You can assess the health of your Venus flytrap by checking the color and brightness of the plant, the clearness of the plant’s surface, and the response of its little green “traps” to stimulation by insects.
This article takes a look at how to evaluate the health of Venus flytrap plants: what kind of symptoms to look for, how you can fix them, and finally, how to avoid damaging your plant’s health in the first place.
How Do I Know If My Venus Flytrap Is Healthy?
Your Venus flytrap is healthy if its colors are clear, bright, and vivid, if its stems are upright and strong, if the plant is not over blemished, and if your plant’s “traps” are able to snap closed firmly on insect prey.
If your Venus flytrap exhibits the following signs, it’s likely a healthy plant:
- Bright green stems and leaves
It’s ok if there are some pale green and white colors present too. Venus flytrap colors can alter a little when they are dormant anyway.
- Stems and leaves are fleshy but strong
There should be no signs of rot or stress to the stems, and the flesh of the plant should be plump and firm.
- The insides of the plant’s traps are bright red and/or maroon
It’s ok if there are also shades of cream, brown, and pink present. Different species of plants have slightly different colorings. However, a bright shade of red means the plant is receiving enough light.
- The number of brown or black blemishes is low
It is normal for a Venus flytrap to have some blemishes, but there should not be too many, and the blemishes should not be large.
- There are only a few black leaves at any one time
It is normal for the leaves to drop off as part of the natural life cycle. However, too many black leaves is a sign of poor health and/or stress.
- The traps are responsive to insects
The traps will close loosely at first and then tighten in response to the insect struggles against the trigger hairs. It will then digest the insect, a process that can take up to 12 days, depending on the size of the insect.
What Does An Unhealthy Venus Flytrap Look Like?
You can be sure that your Venus flytrap is not healthy if it is covered in blemishes, if the traps are unresponsive, if the insides of the traps are black and if the stems and leaves have turned white or yellow.
All of these symptoms mean your plant is struggling to survive, and there is a variety of reasons for this, so make sure you read on:
- Stems and leaves are yellow or browning
You will probably notice color changes fairly quickly because a healthy Venus flytrap is such a vivid and noticeable green. However, yellow and brown stems or leaves are a clear indication that your plant is no longer thriving.
- The normal red colouring (inside the traps) has begun to fade
This is a sign that your Venus flytrap is not getting enough light. Fortunately, this is one problem that is easy to fix.
- The inside of the traps has no red at all
This is a sign that your plant has not had enough light for quite some time. Because a Venus flytrap relies on photosynthesis for food, it will abandon all other methods (such as catching insects) and focus only on “catching” light when it is light-starved.
To do this, it will use a kind of self-defense mechanism and grow completely green leaves without any red color inside the traps.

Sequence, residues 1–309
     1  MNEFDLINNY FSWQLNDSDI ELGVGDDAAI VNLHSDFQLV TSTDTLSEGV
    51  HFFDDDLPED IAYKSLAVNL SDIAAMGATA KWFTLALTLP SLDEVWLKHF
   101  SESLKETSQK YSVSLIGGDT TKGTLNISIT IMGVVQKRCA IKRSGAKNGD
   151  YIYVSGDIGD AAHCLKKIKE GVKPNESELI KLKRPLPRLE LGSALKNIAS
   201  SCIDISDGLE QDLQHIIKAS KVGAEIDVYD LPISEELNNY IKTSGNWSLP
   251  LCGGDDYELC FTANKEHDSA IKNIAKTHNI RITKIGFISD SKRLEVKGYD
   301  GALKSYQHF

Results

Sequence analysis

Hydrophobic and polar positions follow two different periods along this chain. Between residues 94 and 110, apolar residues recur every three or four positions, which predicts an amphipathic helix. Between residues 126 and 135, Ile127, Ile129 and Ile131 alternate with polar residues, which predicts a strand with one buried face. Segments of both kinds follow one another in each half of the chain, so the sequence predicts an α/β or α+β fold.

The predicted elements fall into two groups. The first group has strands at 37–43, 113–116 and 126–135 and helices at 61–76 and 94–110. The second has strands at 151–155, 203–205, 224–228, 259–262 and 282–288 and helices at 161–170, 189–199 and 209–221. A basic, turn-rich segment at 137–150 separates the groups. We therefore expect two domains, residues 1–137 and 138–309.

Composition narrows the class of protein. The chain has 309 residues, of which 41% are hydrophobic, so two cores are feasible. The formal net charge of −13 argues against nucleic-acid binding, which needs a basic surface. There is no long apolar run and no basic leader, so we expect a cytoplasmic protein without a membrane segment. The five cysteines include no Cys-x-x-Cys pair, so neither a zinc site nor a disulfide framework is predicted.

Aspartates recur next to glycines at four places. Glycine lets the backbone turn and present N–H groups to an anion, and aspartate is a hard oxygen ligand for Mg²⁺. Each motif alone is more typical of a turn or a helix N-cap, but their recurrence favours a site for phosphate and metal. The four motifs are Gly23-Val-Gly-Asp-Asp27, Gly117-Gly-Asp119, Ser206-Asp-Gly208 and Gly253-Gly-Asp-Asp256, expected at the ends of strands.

- A large number of black leaves
A small number of black leaves is normal, but a large number means there is a problem with plant food or that the plant traps are suffering some kind of mechanical stress.
- A number of black leaves and a change in the appearance of your plant
Significant changes occurring together indicate that growing conditions are less than optimal.
- There is red colouring at the base of the leaves
This is a type of sunburn and indicates heat stress.
- There are black spots in the root bulb of your plant
Black spots are a sign of rot. It’s time to repot the plant using different soil.
- The root bulb has a soft pulpy texture
A change in the texture of the root bulb indicates poor soil, wrong soil, or overwatering.
- The plant smells unpleasant
An unpleasant odor occurs when your Venus flytrap has been overwatered, and rot occurs at the root level.
- The leaves have a withered, tired appearance and no longer close when stimulated
Venus flytrap leaves only last so long, and they will only open and close so many times before they die. Overstimulating the leaves will hasten their death.
This is a common occurrence with Venus flytraps because curious owners (and onlookers) stimulate the plant so they can watch the ‘eating’ process close up.
What Does A Healthy Venus Flytrap Do?
A healthy colorful Venus flytrap will sit tight and upright, and the traps will lie displayed with lobes open. The hairs inside each trap will display straight and intact.
The traps will close in response to stimulation from unwary insects. Once closed, the outside of the lobes remain supple and green and will eventually open on their own.
There is no need to ever help a Venus flytrap reopen its lobes. Doing so will cause damage to the hairs inside the traps.
A healthy plant may produce a shoot from its middle. This will normally bud into a flower. Some growers will remove this shoot if they want their plant to grow larger and with more lobes instead.
However, if you’d like to see your Venus flytrap in flower, then leave the shoot intact.
Why Causes A Venus Flytrap To Become Unhealthy?
A healthy Venus flytrap will slowly begin to deteriorate for a range of reasons, but which all relate back to growing conditions.